This house is built some distance from the east limits of the city of Watertown, Wisconsin. The premises front on one of the main travelled arteries leading out of that city. The house dates from the year 1853 and was erected for one named John Richards, a lawyer and mill owner. From what has been learned, he made his own plans for the house. He was determinded to erect the largest house in the state of Wisconsin. How near he came to fulfilling this ambition is a question, but nevertheless he did succeed in erecting a house of unusual size and distinction. The four floors contain thirty two rooms all told, which is quite a number when one considers that buy one family was to occupy the house, except the upper story which was planned and built to house the millhands.
Each of the four floors, including the basement, contain the same number of rooms, eight. And fourteen of these rooms are used for sleeping purposes. Every room in the entire house is oddly shaped in that they all have more than four walls.
THe house was built over a period of three years. All material used in its construction was hauled by horse and wagon from the city of Milwaukee some forty miles away. It is said that the house originally cost $50,000 to build, a very large sum in the 1850s.
The house is built like a fort, strong and massive. Every room in the house, as mentioned before, is oddly shaped. But the unusual feature about the planning of the house is the inaccessibility of some of the rooms. A study of the plans reveals the astounding fact that to gain access to one of the bedrooms it is necessary to pass through two bedrooms and a connecting hall to get to the desired room.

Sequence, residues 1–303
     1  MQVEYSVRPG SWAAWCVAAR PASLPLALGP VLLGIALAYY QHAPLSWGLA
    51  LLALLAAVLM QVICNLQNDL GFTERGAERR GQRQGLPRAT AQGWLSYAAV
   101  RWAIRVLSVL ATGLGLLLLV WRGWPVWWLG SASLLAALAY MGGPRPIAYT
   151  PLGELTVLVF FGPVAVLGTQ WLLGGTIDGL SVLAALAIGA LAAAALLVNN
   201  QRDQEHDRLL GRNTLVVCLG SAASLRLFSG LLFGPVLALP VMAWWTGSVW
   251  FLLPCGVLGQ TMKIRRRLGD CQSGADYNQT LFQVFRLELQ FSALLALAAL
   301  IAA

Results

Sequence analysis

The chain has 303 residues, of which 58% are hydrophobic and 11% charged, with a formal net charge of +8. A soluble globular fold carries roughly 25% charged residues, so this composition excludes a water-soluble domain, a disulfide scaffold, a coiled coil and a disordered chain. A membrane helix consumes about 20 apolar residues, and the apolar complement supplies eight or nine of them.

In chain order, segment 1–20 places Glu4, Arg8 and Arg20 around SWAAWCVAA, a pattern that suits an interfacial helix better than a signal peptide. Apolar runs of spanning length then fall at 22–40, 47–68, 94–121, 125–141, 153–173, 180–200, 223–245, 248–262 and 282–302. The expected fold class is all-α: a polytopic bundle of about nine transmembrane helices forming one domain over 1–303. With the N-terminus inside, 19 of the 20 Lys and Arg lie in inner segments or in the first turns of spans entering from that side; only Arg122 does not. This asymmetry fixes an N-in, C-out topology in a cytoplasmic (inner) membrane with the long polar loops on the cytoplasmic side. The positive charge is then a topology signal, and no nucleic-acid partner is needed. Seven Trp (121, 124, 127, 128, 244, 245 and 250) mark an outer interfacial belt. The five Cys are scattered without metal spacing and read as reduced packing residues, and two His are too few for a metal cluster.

There is only one bathroom, which was a late addition to the house. The fact also should be noted that each floor contains a water hydrant. From these the water was no doubt drawn and then carried to the various rooms in containers.
The basement at one time contained an immense oven. It also once held an elongated furnace which was capable of holding eleven foot long logs.
The Richards family and their descendants resided in the home until 1937, when grandson William Thomas passed away. At that time the remaining family members were faced with what to do with the family home, which had become one of Watertown's' most recognizable landmarks.
The Richards family offered to sell it to the city for $ 1, but opposition from the city council and several citizens prevented that from happening. The fledgling Watertown Historical Society then came forward and arranged to purchase the home from the Richards family on condition that it always be used as a public museum.
Since 1938 the Octagon House has been open to the public.